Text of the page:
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MidAmerican completes two new wind farms in Iowa

Iowa currently generates more than one-third of electricity from wind

Wind turbines, part of MidAmerican Energy’s Laurel Project, turn in the wind down 325th Street near Laurel on Wednesday, Dec. 6, 2017. (Stephen Mally/The Gazette)
Wind turbines, part of MidAmerican Energy’s Laurel Project, turn in the wind down 325th Street near Laurel on Wednesday, Dec. 6, 2017. (Stephen Mally/The Gazette)

On its quest for 100 percent renewable energy, MidAmerican Energy has announced the completion of its two latest wind farms, which add to the state’s growing wind energy generation.

The Beaver Creek wind farm in Boone and Greene counties and Prairie wind farm in Mahaska County have begun operation, according to a Monday news release. The two farms, which amount to 169 wind turbines, add 338 megawatts of wind generation capacity to MidAmerican Energy’s grid.

“We’re committed to providing reliable service and outstanding value to our customers, and wind energy accomplishes both,” Mike Fehr, vice president of resource development at MidAmerican Energy, said in the release. “Wind energy is good for our customers, and it’s an abundant, renewable resource that also energizes the economy.”

All told, MidAmerican owns and operates more than 2,000 turbines, making it the largest owner of wind-powered generation among U.S. rate-regulated energy providers, the release states.

The projects are part of MidAmerican’s $3.6 billion, 2,000-megawatt Wind XI project, which is expected to be finished by the close of 2019.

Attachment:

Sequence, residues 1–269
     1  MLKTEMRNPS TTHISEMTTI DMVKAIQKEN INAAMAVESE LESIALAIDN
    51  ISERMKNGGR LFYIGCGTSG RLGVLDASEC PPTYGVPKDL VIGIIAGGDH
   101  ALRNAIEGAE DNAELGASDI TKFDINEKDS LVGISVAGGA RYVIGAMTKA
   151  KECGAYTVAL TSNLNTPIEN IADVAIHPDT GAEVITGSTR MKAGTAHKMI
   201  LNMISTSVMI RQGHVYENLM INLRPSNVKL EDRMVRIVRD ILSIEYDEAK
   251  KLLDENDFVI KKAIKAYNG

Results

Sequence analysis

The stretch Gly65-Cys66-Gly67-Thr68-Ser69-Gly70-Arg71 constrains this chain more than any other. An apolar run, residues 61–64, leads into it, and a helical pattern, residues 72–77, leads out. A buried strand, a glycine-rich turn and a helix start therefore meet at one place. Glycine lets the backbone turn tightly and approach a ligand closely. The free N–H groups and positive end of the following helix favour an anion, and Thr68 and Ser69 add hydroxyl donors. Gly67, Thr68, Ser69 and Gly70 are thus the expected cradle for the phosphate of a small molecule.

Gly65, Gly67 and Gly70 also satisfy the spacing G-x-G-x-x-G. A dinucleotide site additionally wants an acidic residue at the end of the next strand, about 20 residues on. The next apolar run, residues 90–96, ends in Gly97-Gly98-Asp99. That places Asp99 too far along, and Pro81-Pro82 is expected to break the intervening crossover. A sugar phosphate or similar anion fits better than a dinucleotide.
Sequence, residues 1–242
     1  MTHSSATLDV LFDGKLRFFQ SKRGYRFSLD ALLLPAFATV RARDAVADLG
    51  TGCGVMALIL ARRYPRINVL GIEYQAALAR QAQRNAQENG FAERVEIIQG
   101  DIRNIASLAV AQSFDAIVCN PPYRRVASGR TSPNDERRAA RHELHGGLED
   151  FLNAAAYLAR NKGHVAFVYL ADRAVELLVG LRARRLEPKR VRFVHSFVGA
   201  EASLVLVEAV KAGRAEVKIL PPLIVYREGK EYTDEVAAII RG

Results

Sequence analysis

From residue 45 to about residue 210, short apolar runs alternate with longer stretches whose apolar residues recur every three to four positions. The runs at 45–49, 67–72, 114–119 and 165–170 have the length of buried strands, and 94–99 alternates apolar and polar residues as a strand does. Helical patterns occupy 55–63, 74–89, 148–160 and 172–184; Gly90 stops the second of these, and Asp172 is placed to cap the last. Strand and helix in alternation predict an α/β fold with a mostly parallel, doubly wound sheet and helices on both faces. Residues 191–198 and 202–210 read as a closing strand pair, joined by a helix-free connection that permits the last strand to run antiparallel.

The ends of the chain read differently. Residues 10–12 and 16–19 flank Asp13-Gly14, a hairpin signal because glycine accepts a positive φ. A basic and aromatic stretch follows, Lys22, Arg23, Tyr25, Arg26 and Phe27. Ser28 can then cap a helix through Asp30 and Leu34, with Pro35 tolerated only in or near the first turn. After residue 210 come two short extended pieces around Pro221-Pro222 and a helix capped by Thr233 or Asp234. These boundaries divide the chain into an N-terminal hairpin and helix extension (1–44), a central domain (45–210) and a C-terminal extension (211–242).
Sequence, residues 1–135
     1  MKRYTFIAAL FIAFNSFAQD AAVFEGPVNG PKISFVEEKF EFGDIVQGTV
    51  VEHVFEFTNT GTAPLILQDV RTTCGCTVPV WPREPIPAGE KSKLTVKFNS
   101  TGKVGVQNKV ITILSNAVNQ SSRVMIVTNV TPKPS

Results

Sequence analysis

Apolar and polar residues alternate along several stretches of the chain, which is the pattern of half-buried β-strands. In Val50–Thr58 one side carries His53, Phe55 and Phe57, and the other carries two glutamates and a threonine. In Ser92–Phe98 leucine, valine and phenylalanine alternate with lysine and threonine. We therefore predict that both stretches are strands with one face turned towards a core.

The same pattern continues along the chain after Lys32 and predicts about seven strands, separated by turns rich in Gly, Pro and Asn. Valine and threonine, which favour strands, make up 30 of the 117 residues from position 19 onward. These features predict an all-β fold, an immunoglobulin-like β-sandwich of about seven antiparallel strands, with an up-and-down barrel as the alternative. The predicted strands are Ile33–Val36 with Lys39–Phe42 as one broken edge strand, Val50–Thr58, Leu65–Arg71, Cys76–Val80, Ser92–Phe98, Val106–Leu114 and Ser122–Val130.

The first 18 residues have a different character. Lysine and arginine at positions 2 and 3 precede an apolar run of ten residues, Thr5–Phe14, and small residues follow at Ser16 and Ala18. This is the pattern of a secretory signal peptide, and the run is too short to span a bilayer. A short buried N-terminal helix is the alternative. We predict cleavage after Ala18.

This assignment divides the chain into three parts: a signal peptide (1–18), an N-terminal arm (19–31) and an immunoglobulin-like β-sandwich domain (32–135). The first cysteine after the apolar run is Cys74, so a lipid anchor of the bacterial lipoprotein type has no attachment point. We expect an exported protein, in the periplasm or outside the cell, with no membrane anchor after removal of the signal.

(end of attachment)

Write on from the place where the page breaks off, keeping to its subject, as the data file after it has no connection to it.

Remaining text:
A third site for the Wind XI project, a North English wind farm in Poweshiek County, will be completed next year and add another 340 MW to the grid.

By the end of 2020, MidAmerican expects to produce up to 95 percent of the annual power consumption of its customers with wind. Utility officials eventually hope to reach 100 percent.

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Meanwhile, Alliant Energy, Iowa’s other main energy provider, in December announced its latest wind project — a 170-megawatt wind farm in Poweshiek County. The project will be completed in 2020.

Alliant expects to see a more than threefold increase from the utility’s 300 megawatts of wind power in early 2017 to about one gigawatt by 2020.

Combined, the two utilities expect to bring the state’s wind power total up to nearly 10,000 MW by 2020, compared to less than 1,000 MW in 2006.

Iowa currently generates more than one-third of its electricity from wind power. In 2010, wind made up less than half that — about 16 percent of the state’s power.

In addition, Iowa landowners in 2015 received more than $17 million in lease payments from wind farms. That number is expected to double in the coming years, according to the Iowa Environmental Council.

MidAmerican’s latest two farms are projected to add another $62.4 million in property tax revenues over the next 20 years, the release states.

l Comments: (319) 339-3175; mitchell.schmidt@thegazette.com

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